Updated: June 14, 2018
If your air conditioner was installed before 2010 and you don’t know what R22 is then you should probably find out more. R22 refrigerant is a chemical that keeps the air coming from your air conditioning system cool, so it’s certainly incredibly critical. Most air conditioning units older than 10 years use an AC refrigerant called R22 that’s commonly known as Freon*, and is noted by the EPA as HCFC-22. In this blog, we’ll use the name R22. This refrigerant was introduced in the 1950s and became the leading AC refrigerant in the residential heating and cooling industry.
The Montreal Protocol
Fast forward a few decades and the world realized that R22 refrigerant was aiding in the depletion of the Earth’s ozone layer. Not cool. So, the U.S. EPA, in cooperation with other agencies and groups around the world, initiated a phase out of lots of ozone-depleting agents as part of an international agreement known as the Montreal Protocol. The regulation lists many HCFCs and CFCs (different types of refrigerants that deplete the ozone layer), but R22 is believed to be one of the worst offenders.
Timeline and R22 phase out progress in 2018
In 2003, the phase out of R22 production and imports began. By the start of 2010 the production and import of R22 was reduced. However, servicing current, existing equipment is still acceptable while there is an available supply of R22. To ensure the public’s compliance with the new law, all sales of R22 must be purchased by a certified technician. R22 production and import will be continually reduced by law until 2020, when all production and import will be eliminated. Only recycled R22 refrigerant will be obtainable to service existing air conditioners after 2020.
The graph above shows the EPA’s consumption allowance of R22 by percentage. The limits on R22 consumption were implemented in 2010 and follow a declining trend until 2020.
So how does this affect prices?
If this sounds like a case study on supply and demand, then you are correct. As you can imagine, older air conditioners more often have leaks and need repairs. Any systems that are older than 2010 are more likely to use R22, which means there’s a lot more demand for it, and a reduced supply. Prices have only increased due to scarcity.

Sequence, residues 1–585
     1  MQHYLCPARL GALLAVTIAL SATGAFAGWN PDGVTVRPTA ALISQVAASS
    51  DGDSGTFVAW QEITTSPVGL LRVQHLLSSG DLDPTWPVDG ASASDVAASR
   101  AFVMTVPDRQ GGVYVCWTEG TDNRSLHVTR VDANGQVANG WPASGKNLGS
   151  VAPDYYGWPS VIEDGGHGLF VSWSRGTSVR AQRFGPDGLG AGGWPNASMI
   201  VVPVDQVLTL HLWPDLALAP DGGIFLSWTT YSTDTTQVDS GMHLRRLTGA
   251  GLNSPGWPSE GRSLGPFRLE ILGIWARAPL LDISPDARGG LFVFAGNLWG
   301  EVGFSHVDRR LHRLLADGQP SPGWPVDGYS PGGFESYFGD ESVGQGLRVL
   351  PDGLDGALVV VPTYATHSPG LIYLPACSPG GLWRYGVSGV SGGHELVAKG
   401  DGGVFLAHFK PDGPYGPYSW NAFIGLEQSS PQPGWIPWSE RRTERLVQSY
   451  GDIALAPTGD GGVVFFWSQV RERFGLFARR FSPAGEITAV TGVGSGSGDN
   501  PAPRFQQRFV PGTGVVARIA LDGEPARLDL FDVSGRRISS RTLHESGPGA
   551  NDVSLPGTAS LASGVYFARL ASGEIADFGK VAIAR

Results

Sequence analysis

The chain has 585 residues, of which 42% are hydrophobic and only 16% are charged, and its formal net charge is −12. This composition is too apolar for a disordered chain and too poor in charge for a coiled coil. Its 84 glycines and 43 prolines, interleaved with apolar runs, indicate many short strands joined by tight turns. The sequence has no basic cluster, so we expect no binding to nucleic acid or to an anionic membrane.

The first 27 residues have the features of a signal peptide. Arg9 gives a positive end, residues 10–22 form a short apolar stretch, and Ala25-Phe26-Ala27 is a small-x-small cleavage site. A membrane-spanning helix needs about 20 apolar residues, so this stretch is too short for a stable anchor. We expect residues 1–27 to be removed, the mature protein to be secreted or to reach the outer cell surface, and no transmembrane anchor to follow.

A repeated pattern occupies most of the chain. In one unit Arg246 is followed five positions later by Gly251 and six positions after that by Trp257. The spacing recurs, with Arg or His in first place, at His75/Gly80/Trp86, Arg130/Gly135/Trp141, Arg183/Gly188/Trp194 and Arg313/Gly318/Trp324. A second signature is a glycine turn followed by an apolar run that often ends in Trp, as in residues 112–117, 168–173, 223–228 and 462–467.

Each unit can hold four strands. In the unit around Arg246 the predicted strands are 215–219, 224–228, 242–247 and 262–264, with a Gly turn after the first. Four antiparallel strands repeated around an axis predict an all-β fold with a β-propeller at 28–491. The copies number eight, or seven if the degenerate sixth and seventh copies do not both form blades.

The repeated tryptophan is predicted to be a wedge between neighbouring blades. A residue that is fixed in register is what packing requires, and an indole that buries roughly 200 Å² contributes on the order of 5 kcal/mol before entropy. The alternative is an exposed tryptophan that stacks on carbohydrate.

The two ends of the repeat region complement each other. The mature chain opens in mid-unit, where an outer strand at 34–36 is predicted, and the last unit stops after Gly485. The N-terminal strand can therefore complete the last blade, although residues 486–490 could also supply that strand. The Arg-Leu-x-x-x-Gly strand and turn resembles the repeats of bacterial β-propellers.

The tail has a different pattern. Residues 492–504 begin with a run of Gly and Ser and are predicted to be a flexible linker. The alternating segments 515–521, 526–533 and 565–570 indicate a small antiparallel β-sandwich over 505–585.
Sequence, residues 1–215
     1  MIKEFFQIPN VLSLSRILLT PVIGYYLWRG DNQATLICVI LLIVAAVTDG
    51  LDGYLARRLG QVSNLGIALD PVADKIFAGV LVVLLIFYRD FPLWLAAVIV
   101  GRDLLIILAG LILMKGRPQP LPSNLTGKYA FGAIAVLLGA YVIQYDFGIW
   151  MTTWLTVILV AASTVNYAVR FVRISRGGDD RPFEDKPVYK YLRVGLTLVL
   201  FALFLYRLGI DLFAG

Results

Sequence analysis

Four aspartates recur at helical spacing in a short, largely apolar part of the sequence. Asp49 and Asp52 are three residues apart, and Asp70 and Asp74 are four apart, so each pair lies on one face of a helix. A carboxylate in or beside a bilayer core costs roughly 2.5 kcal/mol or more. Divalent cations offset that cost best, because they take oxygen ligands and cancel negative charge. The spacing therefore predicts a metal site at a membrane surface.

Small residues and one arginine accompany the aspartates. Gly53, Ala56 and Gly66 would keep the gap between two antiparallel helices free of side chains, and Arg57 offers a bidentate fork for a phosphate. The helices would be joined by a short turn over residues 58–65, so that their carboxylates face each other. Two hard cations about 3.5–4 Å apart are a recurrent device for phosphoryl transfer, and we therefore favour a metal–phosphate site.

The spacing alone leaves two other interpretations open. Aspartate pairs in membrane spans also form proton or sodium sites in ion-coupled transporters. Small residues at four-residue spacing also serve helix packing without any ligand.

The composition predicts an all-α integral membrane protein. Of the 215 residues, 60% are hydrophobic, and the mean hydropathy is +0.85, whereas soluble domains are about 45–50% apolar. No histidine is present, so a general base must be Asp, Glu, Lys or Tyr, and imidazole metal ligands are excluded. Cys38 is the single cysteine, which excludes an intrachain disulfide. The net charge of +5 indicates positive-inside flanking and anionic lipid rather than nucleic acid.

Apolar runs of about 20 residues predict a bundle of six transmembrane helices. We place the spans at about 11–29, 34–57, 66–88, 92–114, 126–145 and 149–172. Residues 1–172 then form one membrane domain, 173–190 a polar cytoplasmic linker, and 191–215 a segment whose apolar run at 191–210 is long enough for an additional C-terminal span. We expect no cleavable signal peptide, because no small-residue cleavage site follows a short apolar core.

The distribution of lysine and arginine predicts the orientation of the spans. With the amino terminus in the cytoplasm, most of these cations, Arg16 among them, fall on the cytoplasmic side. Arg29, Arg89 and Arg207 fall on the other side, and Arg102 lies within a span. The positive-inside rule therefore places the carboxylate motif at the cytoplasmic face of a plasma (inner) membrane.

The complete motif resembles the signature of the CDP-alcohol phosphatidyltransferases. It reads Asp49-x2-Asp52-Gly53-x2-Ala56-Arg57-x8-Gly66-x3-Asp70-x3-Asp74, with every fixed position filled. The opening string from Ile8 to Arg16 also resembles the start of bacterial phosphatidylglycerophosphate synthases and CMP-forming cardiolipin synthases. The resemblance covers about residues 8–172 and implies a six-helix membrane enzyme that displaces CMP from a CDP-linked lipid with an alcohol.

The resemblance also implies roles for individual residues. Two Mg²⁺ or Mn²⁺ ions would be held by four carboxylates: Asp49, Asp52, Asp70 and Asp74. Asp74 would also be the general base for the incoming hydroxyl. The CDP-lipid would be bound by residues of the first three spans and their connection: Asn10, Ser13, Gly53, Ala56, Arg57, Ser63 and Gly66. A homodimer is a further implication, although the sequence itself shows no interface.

Remember that in order to purchase R22, you must be an EPA-certified technician. So, the normal homeowner is unable to purchase a cylinder themselves. In addition, there are some firm regulations now on how refrigerant is reclaimed and recycled, which adds to the cost. This fee is passed on to the homeowner as companies must cover the increased overhead related to R22 repairs. There are requirements for importing, labeling, record keeping, reporting, destruction and reclaiming of R22 from existing units.
So, how will this affect you?
The cost of R22 is radically increasing because of the dwindling supply, and new refrigerant will no longer be available for use at all after 2020, with the exception of recycled quantities.
If you’re thinking, “Wow, this is starting to sound expensive,” you’re right, it is. This is why when our experts come out to inspect your unit we check to see what refrigerant your unit uses, and in many cases, we’ll advise an upgrade because of the increasing cost of sustaining an R22 air conditioner.
How do I know if my unit uses R22?
If you own an air conditioning system that was built before 2010, your AC will probably have R22. However, if you installed your air conditioner after January 1, 2010, then your air conditioner may not have R22. You can find the type of refrigerant your system runs on by looking at the appliance’s nameplate. This nameplate is normally found on the outdoor condenser of your central air conditioning system. If you can’t locate it, you can read your user’s manual. Alternatively, you can reach out to your local Service Experts center. If you have a maintenance agreement with us, we also have your information on hand and a tech can let you know quickly if your unit uses R22.
Instead of Freon, use Puron
The industry has moved from R22 to R410a, which you may know by the brand name Puron. For the rest of this article, we’ll use the name R410a (although Puron is a familiar brand, there are other companies that make R410a). There are some serious benefits to switching from an R22 air conditioning unit to one that uses R410a. It provides a higher safety rating and an ozone depletion rating of zero, and it performed slightly better on energy-efficiency tests than R22.